Dave's Day 11

Today, it was expected that convection would start late and finish somewhat early so we had a relatively short 3:30 area task.  The 18 m class was second on the grid, and our gate opened around 3 pm.  With an expected end of convection before 7 pm, there was not much time to waste before the start.

Unfortunately, we had a bad day today.  Looking at the baro trace shows part of the reason.  Around 1720, we got into a hole and it took a long time to get out of it.  We were running, what looked like, a good line of clouds, but nothing was working.  We wasted many turns trying to find something and took a weak 2.9 knot climb so we could move on.  Fortunately we were not alone as there was a mixed group of 15 and 18 meter gliders as we had a common leg at this point.  Finally, 20 minutes and 40 km later we connected with a 6 kt climb that got us up and running again.

We also wasted time on final glide trying to center a last thermal, but eventaully gave up on it and headed for home on a slim final glide.  Fortunately, there were still a few clouds we could bump on the way in and we were able to stay on glide slope.

As typically happens, the fast guys don't find the holes and that was no exception today as they smoked us.

Comp Day 11 - 16 August. Quiz answer... and task sheets.

Quiz answer:  You can see the Exxon sticker on the... quiz thing if you look closely.  It is intended to be flown from car aerials, "you have a tiger in your tank" - Exxon advert.

Others thought it might be an ambitious yawstring, and other uses were suggested (shame on you all!!!).  We did find a use, though...  thanks to Christine for her sense of humour!

The crews do work hard; here are the 18m primary crews attempting to keep the prodigious dust off their ASG-29's before launch yesterday:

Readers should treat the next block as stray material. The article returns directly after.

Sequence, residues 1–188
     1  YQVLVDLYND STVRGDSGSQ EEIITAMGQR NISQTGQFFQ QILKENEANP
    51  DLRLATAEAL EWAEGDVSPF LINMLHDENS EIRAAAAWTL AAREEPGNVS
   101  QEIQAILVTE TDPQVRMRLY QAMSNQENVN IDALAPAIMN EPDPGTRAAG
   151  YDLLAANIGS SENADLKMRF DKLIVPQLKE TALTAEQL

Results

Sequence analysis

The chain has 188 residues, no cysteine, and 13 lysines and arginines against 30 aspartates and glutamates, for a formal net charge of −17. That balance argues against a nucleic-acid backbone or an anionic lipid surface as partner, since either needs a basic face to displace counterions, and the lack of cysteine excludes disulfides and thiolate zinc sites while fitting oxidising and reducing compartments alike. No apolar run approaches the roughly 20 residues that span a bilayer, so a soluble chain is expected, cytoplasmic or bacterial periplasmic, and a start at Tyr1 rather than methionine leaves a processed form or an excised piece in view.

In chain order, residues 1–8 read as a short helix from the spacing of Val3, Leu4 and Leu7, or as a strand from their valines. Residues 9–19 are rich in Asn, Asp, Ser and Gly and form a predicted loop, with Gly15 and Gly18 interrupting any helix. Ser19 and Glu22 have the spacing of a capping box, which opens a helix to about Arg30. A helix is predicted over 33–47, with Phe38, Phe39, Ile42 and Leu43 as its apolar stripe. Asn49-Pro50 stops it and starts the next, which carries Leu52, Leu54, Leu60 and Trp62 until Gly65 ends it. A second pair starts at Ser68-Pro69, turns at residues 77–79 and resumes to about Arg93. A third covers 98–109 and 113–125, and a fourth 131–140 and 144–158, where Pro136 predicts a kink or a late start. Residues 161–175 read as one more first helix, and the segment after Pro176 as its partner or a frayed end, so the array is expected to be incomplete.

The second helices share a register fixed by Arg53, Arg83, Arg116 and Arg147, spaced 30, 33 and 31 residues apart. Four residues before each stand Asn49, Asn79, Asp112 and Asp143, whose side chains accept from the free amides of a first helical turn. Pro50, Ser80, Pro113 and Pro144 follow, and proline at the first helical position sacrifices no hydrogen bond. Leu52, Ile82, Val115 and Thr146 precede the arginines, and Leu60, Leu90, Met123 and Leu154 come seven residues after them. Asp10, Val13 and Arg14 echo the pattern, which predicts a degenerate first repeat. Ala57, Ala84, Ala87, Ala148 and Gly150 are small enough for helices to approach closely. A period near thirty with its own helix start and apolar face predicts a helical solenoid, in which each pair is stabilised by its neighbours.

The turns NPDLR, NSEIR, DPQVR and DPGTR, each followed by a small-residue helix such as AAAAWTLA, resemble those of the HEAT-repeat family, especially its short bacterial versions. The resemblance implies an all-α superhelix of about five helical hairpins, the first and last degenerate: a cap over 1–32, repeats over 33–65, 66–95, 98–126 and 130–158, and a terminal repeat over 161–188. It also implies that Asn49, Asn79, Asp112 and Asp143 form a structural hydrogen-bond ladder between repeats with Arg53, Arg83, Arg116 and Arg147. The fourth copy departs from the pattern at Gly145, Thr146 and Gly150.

We grid together by class and country, so F1 and XG are together.  ST is usually some distance away...

OX is close by; here is Swiss team captain Willem ambushing Jerzy with "Swiss Karate" on the grid two days ago; Jerzy still went on to win the day...

Finally, a pic of F1's new PowerFLARM antenna fit.  There is a ground plane under the glare shield, and the antenna is fed from the bottom.  Range seems acceptable.

Tasks and weather:

So, a later start to convection; grid at 1245. If the day is even shorter to develop, the "B" task - shorter in all cases - may be called.

15 August 2012

Nick's day 10.

Nick, ST - Day 10, 15 Aug

The weatherman predicts a blue day, but the sky is full of CUs. Mind you they are not working very well. I usually go exploring between release and the start gate opening to figure out what conditions are like and today I find myself back down to release height in sink wondering if I'll be going for a relight. Not a good start.Lift is weak and cloudbase is at 5500'. Our team captain, Ed, is looking at the visual satellite picture and reports that the CUs are localised within a 60 mile radius and it's blue to the south.